why our late 20s have become an in-betweener stage

Everyone talks about all of the transitions you go through during your early twenties, but what about your late twenties?

Yes, your early twenties are a time of change. For many, it’s a time of graduation and of starting on their career paths. But our late twenties are a whole other ballgame.

They are also an in-betweener stage, but in a different way. For many people, by this stage, you are already settled in your career or have been working for a few years and have that experience under your belt. But, things are changing around you, and changing for yourself and for your friends as well.

Why Our Late Twenties Have Become an In-Betweener Stage

1. Some of your friends are married, some of your friends are single. 

By your late twenties, you will likely have a mix of married friends, single friends, and friends in relationships. Everyone is going through things at different times.

You may be consoling one friend who was just broken up with, but also celebrating with another friend who just got engaged.

2. Some of your friends are parents, some of your friends are partying until the early morning.

Not that you stop going out and having a good time once you become a parent, but it is no longer a priority or something that happens every single weekend. They have another, more important commitment now.

That’s not to say that they should stop being invited all together from things (unless, of course, they ask you to stop telling them about things). The group that goes out on weekends does tend to become smaller than it once was.

3. Some of your friends own homes, some are living at home.

More and more millennials are living with their parents for longer. There is a mix of renting, owning, and living with relatives that is happening into your late twenties.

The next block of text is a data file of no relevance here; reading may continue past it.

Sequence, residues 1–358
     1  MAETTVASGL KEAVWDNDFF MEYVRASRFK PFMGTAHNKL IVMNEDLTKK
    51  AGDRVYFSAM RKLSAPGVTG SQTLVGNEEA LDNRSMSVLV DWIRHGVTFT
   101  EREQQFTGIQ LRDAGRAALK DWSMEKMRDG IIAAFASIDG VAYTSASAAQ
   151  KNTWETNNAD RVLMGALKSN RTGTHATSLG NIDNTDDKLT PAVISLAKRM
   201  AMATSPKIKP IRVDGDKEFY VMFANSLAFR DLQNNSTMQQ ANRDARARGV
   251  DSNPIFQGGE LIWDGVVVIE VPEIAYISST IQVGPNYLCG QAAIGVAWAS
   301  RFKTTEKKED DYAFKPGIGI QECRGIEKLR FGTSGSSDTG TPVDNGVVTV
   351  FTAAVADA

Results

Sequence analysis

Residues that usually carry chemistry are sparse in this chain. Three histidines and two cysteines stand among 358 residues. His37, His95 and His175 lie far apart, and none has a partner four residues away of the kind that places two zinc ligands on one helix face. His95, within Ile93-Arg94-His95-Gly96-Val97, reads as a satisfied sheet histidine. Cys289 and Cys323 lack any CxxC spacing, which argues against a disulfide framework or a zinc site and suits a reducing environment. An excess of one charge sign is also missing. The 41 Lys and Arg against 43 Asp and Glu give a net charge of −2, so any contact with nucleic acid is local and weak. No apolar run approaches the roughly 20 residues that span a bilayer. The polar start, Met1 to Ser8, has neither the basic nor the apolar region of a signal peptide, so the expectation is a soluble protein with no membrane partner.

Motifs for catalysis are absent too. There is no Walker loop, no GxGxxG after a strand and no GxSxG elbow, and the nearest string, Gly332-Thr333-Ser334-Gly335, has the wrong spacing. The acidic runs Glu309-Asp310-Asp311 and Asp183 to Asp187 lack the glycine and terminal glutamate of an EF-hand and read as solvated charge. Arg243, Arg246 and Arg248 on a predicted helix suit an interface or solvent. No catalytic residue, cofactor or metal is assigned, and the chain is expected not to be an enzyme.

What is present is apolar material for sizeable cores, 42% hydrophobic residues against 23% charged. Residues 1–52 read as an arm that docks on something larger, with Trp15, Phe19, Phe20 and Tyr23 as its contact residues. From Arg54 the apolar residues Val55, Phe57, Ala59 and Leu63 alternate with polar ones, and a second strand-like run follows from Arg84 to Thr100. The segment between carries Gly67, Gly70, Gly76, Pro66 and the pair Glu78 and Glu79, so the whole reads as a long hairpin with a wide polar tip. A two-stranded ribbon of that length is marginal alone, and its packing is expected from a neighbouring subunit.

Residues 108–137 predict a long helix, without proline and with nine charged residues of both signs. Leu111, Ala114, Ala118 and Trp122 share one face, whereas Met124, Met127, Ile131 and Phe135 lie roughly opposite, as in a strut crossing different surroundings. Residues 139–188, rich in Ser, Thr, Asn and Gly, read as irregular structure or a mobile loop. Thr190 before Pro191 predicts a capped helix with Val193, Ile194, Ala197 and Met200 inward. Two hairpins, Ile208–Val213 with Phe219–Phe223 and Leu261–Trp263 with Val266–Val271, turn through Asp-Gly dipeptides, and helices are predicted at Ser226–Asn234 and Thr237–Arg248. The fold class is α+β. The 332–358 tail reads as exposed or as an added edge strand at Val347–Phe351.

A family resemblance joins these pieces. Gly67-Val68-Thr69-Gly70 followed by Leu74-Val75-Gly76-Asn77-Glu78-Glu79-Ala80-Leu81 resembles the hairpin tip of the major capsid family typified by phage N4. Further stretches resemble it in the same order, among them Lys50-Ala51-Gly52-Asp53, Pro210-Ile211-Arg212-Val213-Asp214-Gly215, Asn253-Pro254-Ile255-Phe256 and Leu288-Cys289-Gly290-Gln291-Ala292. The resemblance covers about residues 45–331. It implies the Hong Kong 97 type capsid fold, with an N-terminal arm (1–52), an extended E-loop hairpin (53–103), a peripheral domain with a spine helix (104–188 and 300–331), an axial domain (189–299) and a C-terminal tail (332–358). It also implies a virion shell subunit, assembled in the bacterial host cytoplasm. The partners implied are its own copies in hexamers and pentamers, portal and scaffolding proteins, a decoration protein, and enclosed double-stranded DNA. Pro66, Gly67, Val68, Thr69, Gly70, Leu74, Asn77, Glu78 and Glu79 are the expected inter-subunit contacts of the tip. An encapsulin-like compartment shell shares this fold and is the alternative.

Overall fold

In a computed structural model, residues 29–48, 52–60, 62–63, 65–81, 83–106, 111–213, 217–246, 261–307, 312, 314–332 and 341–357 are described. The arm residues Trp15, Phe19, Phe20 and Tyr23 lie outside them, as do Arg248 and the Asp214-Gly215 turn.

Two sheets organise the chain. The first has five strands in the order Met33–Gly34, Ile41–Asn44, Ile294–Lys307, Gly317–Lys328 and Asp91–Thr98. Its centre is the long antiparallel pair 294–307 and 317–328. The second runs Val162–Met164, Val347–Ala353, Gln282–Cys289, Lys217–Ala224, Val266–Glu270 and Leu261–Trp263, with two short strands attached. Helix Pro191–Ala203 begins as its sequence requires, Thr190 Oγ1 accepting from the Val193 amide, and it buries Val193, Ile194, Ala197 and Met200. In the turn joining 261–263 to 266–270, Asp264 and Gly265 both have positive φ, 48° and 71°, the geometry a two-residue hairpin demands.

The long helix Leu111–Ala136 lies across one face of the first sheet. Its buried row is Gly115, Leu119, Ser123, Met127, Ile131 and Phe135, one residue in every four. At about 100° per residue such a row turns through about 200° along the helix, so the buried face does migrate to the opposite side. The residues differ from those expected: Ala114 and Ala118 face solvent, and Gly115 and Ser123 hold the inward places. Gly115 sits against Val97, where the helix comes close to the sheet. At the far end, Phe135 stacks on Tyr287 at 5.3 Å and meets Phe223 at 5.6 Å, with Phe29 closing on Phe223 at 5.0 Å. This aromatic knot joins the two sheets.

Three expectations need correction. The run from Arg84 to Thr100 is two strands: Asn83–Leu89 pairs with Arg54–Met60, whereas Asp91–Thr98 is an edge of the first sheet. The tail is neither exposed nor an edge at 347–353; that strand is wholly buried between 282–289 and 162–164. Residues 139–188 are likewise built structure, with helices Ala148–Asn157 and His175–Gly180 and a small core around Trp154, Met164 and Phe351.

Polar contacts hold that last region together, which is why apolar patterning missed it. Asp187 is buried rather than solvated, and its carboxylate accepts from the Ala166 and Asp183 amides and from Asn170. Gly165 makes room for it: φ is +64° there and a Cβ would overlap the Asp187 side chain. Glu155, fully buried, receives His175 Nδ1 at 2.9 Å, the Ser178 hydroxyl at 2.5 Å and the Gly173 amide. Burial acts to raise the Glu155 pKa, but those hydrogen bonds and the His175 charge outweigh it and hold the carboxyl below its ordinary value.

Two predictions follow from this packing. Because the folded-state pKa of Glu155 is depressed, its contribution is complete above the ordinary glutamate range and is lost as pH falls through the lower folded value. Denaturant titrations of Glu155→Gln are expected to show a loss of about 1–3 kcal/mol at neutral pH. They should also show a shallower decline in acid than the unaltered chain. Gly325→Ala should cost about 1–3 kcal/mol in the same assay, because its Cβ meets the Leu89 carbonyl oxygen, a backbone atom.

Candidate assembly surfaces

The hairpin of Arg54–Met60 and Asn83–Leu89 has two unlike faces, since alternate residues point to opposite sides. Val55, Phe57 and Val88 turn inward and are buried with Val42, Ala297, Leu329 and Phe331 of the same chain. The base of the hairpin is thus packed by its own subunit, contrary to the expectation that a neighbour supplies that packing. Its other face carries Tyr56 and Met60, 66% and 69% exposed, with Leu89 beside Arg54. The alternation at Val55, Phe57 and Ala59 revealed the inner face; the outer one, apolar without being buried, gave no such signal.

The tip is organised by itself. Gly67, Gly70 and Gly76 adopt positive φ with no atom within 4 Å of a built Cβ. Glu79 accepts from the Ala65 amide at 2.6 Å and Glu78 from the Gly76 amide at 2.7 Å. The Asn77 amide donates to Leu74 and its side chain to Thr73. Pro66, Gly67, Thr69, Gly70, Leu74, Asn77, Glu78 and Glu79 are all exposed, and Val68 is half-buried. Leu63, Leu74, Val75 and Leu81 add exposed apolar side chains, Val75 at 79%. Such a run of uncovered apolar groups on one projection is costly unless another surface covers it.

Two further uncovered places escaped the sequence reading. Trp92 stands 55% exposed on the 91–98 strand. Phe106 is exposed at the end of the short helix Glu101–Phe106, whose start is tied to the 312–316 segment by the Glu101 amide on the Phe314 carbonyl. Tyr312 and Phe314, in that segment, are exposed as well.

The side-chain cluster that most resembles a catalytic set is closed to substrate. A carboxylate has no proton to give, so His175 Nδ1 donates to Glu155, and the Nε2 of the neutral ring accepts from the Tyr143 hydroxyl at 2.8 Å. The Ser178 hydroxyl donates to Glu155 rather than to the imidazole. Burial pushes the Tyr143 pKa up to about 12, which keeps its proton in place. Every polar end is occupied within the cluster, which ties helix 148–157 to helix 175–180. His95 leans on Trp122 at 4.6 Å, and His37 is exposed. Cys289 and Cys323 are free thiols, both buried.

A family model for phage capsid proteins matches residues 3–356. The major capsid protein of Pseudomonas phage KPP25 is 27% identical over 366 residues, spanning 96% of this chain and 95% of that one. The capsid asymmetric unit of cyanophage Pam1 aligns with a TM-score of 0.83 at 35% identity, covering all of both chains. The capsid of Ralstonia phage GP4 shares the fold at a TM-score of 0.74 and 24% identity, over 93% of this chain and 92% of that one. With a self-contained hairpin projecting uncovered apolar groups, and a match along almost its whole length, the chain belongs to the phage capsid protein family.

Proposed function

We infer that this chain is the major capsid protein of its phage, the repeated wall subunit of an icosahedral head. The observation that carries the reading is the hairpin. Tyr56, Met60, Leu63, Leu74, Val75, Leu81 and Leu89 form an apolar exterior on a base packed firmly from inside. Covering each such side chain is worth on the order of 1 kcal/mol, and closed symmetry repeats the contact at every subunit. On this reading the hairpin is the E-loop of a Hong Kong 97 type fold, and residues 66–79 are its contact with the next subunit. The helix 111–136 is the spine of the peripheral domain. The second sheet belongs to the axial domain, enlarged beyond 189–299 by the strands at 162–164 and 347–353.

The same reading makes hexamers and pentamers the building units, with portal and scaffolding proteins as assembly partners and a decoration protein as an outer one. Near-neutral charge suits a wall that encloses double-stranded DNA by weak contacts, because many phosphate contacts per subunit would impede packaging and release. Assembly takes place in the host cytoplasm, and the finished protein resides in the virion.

Some of your friends may live in a house, others may be in a studio apartment. This just means that planning your [insert show all of your friends watch together here] watch party takes a little figuring out.

4. Some of your friends have money to spend, some of your friends are in debt.

By your late twenties, the grace period for your student loans is likely over (unless you are still a student). These are something many are paying off — in addition to their bills, taxes, rent/mortgage, etc.

Additionally, everyone is likely making different salaries. This, combined with if there is any debt, means that everyone is in a different situation financially.

Some of your friends may be able to take that vacation with you, whereas others cannot. It is important to figure out who is comfortable doing what, and not forcing someone a strain financially.

Be wary about this, as you do not want to make anyone feel bad about not being able to afford something (think the episode of friends where Ross is planning his birthday festivities but it is too expensive for Rachel, Phoebe, and Joey).

5. Some of your friends have jobs they love, some of your friends have jobs they hate. 

It is extremely important to support all of them. If your friend loves their job, cheer them on. If they hate it, help them with leads or send them job postings.

Additionally, some of your friends will have jobs with lots of flexibility, and some of your friends will have jobs that demand them to be on call 24/7. This is especially important to think about if you are trying to plan a trip together, but can come up even if you are just trying to plan a happy hour or dinner.


All of the above can seem like extremes, but that’s exactly what is happening. Everyone is in an entirely different situation. No matter how close your friend group is, it is likely not possible that every single person in it is in the same exact situation at the same exact time.

Because of this, it takes more figuring out than it did in your early twenties when almost everyone is on the same playing field just starting out. There are more factors involved now. There is more knowledge involved now. There is more experience involved now. And there are likely more bills involved now, too. It is almost like your friend group has become a puzzle, and you need to fit all of the pieces together to get the perfect image.

Now, I am not by any means saying that doing things all together anymore is impossible. It just takes a lot more planning. And sometimes, this planning can be frustrating and feel like too much to handle. But, it will (hopefully!) end up being worth it. Just, always be mindful of the work/financial/relationship/life situation that your friend is in. Be there for them in the best way that you can.

It’s also important not to constantly compare yourself to your friends who may be in a seemingly “better” situation that you are right now. Everyone’s paths are different. I know it’s cliche, but it’s important to remind yourself of that.